When the Nile overflows, the country is converted into a sea, and nothing appears but the cities, which look like the islands in the Aegean. At this season boats no longer keep the course of the river, but sail right across the plain. On the voyage from Naucratis to Memphis at this season, you pass close to the pyramids, whereas the usual course is by the apex of the Delta, and the city of Cercasorus. You can sail also from the maritime town of Canobus across the flat to Naucratis, passing by the cities of Anthylla and Archandropolis. Herodotus Histories II
Naucratis (nŏk´retĬs), was an ancient city of Egypt, on the Canopic branch of the Nile, 45 mi (72 km) SE of Alexandria. It was probably given to colonists from nine Greek cities, including among other Miletus and Corinth, by Psamtik in the 7th century BC and was the first Greek settlement in Egypt.
The rise of Alexandria and the shifting of the Nile led to its decline. The site has been excavated, revealing pottery of a Greek type and ruins of Greek temples.
Drawing Faucher-Gudin of a plan published by Petrie. The site of the Hellenion is marked A, an Arab village B, the temenos of Hera and Apollo E, that of the Dioskuri F, and that of Aphrodite G.
G Maspero, History of Egypt, Chaldea, Syria, Babylonia and Assyria:
The Milesians had established here some time previously, on a canal connected with the main arm of the river, the factory of Naucratis, which long remained in obscurity, but suddenly developed at the beginning of the XXVIth dynasty, when Sais became the favourite residence of the Pharaohs. This town Amasis made over to the Greeks so that they might make it the commercial and religious centre of their communities in Egypt. Temples already existed there, those of Apollo and Aphrodite, together with all the political and religious institutions indispensable to the constitution of an Hellenic city; but the influx of immigrants was so large and rapid, that, after the lapse of a few years, the entire internal organism and external aspect of the city were metamorphosed. New buildings rose from the ground with incredible speed—the little temple of the Dioskuri, the protectors of the sailor, the temple of the Samian Hera, that of Zeus of Ægina, and that of Athene;* ere long the great temenos, the Hellenion, was erected at the public expense by nine Æolian, Ionian, and Dorian towns of Asia Minor, to serve as a place of assembly for their countrymen, as a storehouse, as a sanctuary, and, if need be, even as a refuge and fortress, so great was its area and so thick its walls.**
It was not possible for the constitution of Naucratis to be very homogeneous, when a score of different elements assisted in its composition. It appears to have been a compromise between the institutions of the Dorians and those of the Ionians. Its supreme magistrates were called timuchi, but their length of office and functions are alike unknown to us. The inspectors of the emporia and markets could be elected only by the citizens of the nine towns, and it is certain that the chief authority was not entirely in the hands either of the timuchi or the inspectors; perhaps each quarter of the town had its council taken from among the oldest residents. A prytanasum was open to all comers where assemblies and banquets were held on feast-days; here were celebrated at the public expense the festivals of Dionysos and Apollo Komasos. Amasis made the city a free port, accessible at all times to whoever should present themselves with peaceable intent, and the privileges which he granted naturally brought about the closing of all the other seaports of Egypt. When a Greek ship, pursued by pirates, buffeted by storms, or disabled by an accident at sea, ran ashore at some prohibited spot on the coast, the captain had to appear before the nearest magistrate, in order to swear that he had not violated the law wilfully, but from the force of circumstances. If his excuse appeared reasonable, he was permitted to make his way to the mouth of the Canopic branch of the Nile; but when the state of the wind or tide did not allow of his departure, his cargo was transferred to boats of the locality, and sent to the Hellenic settlement by the canals of the Delta. This provision of the law brought prosperity to Naucratis; the whole of the commerce of Egypt with the Greek world passed through her docks, and in a few years she became one of the wealthiest emporia of the Mediterranean. The inhabitants soon overflowed the surrounding country, and covered it with villas and townships. Such merchants as refused to submit to the rule of their own countrymen found a home in some other part of the valley which suited them, and even Upper Egypt and the Libyan desert were subject to their pacific inroads. The Milesians established depots in the ancient city of Abydos;* the Cypriots and Lesbians, and the people of Ephesus, Chios, and Samos, were scattered over the islands formed by the network of canals and arms of the Nile, and delighted in giving them the names of their respective countries;** Greeks of diverse origin settled themselves at Neapolis, not far from Panopolis; and the Samians belonging to the Æschrionian tribe penetrated as far as the Great Oasis; in fact, there was scarcely a village where Hellenic traders were not found, like the bakals of to-day, selling wine, perfumes, oil, and salted provisions to the natives, practising usury in all its forms, and averse from no means of enriching themselves as rapidly as possible.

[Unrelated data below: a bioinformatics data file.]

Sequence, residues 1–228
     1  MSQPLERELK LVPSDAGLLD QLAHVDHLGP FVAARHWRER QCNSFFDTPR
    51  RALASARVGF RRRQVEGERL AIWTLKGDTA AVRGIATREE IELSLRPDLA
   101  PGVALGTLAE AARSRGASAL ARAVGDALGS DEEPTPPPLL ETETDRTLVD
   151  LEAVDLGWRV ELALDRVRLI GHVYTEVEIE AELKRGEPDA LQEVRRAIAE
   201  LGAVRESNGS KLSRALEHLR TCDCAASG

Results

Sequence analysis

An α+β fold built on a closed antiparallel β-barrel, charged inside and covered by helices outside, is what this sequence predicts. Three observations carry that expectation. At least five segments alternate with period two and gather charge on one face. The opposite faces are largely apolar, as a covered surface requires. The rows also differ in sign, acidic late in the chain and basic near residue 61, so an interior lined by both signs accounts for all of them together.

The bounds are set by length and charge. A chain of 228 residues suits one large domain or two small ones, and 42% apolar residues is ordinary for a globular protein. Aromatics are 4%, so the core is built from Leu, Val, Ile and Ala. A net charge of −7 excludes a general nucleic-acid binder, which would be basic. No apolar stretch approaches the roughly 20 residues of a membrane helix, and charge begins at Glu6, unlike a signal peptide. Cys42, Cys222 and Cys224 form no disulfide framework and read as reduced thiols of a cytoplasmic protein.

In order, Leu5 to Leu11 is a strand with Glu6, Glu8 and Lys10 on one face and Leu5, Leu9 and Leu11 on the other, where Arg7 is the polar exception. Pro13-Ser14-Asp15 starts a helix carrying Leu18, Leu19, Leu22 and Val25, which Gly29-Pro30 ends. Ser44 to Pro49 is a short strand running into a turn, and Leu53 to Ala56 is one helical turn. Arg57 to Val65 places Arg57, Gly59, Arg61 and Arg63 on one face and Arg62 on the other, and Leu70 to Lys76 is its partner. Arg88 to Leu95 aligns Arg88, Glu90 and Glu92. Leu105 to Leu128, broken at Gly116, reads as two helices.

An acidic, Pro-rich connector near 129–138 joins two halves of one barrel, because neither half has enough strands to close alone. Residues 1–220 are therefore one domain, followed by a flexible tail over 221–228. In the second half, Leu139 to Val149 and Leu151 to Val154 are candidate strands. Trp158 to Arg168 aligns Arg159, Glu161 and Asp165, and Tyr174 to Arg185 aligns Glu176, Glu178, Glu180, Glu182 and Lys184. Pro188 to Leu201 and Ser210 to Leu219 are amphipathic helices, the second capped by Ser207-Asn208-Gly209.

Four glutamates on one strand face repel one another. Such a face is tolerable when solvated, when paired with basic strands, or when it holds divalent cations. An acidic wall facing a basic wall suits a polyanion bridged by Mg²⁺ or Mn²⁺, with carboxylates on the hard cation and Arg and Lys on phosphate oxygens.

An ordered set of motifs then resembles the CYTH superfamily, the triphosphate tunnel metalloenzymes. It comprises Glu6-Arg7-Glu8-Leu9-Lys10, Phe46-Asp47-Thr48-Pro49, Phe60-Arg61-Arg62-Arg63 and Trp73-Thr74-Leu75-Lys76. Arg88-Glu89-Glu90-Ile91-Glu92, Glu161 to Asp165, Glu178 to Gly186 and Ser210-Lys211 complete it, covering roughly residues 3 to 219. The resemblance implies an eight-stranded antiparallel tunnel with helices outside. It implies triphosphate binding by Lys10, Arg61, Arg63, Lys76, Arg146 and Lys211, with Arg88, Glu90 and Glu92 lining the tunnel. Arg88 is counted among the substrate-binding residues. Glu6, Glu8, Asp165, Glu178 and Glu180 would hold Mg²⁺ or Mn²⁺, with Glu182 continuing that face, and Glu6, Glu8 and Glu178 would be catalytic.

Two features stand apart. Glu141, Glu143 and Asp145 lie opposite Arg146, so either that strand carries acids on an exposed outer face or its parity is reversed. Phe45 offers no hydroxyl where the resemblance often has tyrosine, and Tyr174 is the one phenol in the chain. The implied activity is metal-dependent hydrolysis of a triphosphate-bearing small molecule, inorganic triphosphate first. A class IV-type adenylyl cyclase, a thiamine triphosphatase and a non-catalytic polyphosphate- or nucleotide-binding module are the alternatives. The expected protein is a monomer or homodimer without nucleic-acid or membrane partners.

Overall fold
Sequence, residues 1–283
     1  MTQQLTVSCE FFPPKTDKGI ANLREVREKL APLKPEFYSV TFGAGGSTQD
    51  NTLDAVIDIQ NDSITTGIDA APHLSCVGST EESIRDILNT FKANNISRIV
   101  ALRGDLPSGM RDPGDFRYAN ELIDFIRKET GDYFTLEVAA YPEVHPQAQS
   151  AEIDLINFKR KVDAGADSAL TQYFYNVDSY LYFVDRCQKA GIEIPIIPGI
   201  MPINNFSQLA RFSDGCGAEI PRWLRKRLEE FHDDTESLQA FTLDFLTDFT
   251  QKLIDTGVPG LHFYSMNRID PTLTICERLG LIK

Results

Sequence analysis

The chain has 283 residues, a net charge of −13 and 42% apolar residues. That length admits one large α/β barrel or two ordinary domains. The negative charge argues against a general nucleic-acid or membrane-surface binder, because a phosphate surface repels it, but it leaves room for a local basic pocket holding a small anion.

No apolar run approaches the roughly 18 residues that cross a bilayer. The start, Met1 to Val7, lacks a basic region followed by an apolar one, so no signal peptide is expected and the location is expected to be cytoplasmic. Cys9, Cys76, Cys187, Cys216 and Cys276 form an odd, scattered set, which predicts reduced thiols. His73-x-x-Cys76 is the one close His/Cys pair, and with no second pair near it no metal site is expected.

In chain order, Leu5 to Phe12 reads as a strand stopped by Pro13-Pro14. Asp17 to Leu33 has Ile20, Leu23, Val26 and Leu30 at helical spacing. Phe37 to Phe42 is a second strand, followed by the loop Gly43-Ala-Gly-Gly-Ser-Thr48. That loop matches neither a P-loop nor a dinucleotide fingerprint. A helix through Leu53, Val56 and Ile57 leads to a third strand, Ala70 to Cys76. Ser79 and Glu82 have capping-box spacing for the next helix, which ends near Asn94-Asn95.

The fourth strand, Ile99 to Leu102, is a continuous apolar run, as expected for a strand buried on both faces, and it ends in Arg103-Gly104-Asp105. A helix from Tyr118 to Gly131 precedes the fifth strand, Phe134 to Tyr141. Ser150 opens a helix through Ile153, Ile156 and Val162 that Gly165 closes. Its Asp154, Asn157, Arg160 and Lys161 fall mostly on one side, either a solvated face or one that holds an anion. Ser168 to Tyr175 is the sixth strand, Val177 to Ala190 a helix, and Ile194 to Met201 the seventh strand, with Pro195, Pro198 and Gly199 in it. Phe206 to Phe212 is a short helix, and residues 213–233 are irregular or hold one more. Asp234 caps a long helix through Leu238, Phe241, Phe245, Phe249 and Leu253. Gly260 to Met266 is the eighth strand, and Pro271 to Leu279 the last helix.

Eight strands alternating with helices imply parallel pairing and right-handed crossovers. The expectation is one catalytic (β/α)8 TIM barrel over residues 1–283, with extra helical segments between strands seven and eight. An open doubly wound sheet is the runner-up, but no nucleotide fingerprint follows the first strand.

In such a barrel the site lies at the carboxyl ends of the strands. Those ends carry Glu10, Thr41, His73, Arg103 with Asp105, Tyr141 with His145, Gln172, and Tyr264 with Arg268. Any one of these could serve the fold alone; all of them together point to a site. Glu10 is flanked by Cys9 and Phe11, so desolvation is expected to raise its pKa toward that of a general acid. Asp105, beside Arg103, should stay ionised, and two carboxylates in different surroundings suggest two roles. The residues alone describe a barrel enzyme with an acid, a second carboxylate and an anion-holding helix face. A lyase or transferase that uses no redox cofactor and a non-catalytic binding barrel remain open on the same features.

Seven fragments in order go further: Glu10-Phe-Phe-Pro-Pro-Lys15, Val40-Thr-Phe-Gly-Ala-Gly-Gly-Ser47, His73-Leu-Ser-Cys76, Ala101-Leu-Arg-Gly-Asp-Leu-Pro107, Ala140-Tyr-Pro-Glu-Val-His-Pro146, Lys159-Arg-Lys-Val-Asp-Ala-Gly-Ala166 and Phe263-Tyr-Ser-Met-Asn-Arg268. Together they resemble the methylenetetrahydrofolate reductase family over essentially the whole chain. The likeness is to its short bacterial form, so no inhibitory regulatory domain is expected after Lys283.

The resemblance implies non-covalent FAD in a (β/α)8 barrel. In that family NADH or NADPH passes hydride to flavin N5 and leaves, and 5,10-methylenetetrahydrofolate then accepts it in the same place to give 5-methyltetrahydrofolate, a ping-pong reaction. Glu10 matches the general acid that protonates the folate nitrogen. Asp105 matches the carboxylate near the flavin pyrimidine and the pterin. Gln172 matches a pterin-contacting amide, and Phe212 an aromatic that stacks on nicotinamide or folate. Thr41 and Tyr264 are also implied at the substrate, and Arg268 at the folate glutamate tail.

Naucratis a Greek trade post in Egypt
This article incorporates text from the public domain Catholic Encyclopedia.